Achievers, Not Winners: On the Negative Role of Guilt Proneness in Competitive Settings

Uriel Haran, Dina van Dijk, Michal Barina, Mor Krief, Stav Rosenzweig

Research output: Contribution to conferencePaperpeer-review

Abstract

Guilt proneness is associated with high work intensity and job performance, by enhancing personal and interpersonal motives. However, at many work settings, competitive goals place personal achievement and interpersonal motives at odds. We propose that guilt proneness hampers, rather than bolsters, goal pursuit in competitive settings. We tested our prediction in one lab experiment and two field studies. In the lab, guilt proneness increased participants’ preference to play a game individually over competing with other participants (Study 1). In the field, we found that high guilt proneness of physicians predicted higher achievement motivation but lower competitive motivation, which resulted in a lower preference for specializing in medical fields characterized by competitive values (Study 2). Similarly, amateur catchball players with high guilt proneness displayed lower competitive motivation, and preferred an equal distribution of playing time over a scheme focused on winning (Study 3). These results demonstrate that the same individual attribute generally responsible for high motivation and performance also predicts lower motivation to compete and a lower desire to win.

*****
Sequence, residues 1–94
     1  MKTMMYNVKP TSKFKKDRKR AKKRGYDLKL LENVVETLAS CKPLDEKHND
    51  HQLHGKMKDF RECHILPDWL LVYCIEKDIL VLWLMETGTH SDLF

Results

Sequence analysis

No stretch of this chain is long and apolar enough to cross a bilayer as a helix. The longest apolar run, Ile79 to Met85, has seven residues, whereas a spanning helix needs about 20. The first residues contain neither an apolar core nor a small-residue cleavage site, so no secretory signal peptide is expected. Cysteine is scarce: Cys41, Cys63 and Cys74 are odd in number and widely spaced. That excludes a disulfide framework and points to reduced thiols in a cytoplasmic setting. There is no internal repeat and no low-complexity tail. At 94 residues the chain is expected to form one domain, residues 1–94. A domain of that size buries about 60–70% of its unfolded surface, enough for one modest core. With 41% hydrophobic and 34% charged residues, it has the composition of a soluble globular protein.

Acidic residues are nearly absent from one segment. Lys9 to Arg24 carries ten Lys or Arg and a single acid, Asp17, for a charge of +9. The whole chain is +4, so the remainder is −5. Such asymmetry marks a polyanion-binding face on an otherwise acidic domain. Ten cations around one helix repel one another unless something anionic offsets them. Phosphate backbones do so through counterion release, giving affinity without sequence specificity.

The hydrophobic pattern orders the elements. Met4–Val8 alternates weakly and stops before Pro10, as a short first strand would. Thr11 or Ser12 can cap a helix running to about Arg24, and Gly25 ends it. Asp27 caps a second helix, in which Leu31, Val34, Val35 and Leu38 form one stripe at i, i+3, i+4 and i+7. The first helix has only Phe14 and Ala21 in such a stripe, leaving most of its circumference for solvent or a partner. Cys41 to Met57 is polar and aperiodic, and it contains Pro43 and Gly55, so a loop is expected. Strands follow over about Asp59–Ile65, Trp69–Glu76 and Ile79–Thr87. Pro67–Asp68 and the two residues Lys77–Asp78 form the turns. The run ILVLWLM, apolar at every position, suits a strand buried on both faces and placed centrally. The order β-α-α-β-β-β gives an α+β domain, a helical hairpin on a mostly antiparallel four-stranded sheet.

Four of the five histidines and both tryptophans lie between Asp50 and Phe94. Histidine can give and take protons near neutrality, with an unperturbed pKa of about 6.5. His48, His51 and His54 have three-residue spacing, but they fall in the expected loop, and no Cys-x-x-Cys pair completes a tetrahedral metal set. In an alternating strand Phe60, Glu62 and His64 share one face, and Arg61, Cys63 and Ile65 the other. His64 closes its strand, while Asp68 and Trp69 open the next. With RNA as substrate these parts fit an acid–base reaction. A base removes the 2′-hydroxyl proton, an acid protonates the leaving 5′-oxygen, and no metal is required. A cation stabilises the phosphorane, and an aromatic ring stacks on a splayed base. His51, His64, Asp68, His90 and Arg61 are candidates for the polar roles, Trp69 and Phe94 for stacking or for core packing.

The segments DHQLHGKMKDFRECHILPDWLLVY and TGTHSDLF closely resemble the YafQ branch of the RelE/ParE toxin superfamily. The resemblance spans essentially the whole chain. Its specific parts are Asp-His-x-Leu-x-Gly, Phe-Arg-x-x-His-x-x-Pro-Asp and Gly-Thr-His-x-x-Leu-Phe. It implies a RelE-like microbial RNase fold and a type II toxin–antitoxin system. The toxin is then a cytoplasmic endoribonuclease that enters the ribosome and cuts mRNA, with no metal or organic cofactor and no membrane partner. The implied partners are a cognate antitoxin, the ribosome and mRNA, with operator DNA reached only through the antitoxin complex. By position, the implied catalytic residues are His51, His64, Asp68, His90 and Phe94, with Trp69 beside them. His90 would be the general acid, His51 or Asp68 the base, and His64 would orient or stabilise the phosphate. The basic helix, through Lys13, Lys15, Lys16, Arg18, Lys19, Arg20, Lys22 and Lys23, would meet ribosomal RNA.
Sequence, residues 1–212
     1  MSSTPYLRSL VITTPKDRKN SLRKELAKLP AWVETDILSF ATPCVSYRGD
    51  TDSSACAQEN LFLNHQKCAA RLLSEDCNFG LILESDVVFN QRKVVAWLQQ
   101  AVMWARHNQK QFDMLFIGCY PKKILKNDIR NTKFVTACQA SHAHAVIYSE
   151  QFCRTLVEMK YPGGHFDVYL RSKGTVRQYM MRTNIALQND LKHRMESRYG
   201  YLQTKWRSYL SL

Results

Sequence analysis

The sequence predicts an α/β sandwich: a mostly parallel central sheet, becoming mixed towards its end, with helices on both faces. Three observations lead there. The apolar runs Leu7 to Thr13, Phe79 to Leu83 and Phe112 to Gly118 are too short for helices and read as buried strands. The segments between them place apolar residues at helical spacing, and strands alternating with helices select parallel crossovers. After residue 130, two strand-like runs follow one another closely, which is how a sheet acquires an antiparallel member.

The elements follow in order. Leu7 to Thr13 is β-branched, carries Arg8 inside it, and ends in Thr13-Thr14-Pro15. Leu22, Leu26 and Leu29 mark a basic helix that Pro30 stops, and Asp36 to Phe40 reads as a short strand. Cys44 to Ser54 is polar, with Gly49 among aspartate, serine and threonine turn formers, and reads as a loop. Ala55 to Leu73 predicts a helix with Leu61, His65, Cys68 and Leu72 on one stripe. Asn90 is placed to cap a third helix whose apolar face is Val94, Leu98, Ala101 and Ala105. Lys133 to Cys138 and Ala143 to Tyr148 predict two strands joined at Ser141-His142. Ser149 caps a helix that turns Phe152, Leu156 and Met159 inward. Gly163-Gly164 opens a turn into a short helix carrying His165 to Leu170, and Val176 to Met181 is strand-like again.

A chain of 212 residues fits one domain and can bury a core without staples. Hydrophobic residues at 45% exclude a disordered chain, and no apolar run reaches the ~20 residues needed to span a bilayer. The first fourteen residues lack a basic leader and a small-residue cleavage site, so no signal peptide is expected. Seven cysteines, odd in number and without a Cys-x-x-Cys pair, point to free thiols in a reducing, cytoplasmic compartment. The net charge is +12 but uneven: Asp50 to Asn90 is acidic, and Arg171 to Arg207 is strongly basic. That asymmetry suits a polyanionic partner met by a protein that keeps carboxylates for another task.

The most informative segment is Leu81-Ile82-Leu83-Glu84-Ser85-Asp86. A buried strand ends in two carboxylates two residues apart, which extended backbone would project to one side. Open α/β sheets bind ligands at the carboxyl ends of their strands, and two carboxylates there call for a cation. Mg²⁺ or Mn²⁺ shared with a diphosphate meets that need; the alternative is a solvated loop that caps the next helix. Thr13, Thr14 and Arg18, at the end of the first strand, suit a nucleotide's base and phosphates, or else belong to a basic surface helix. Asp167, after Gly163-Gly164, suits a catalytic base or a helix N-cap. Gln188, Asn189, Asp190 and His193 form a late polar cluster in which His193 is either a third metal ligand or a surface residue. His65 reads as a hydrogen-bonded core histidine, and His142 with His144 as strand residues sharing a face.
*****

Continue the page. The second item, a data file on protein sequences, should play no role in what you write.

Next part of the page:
Original languageEnglish
DOIs
StatePublished - 1 Jan 2021
Event81st Annual Meeting of the Academy of Management 2021: Bringing the Manager Back in Management, AoM 2021 - Virtual, Online
Duration: 29 Jul 20214 Aug 2021

Conference

Conference81st Annual Meeting of the Academy of Management 2021: Bringing the Manager Back in Management, AoM 2021
CityVirtual, Online
Period29/07/214/08/21

ASJC Scopus subject areas

  • Industrial relations
  • Management Information Systems
  • Management of Technology and Innovation

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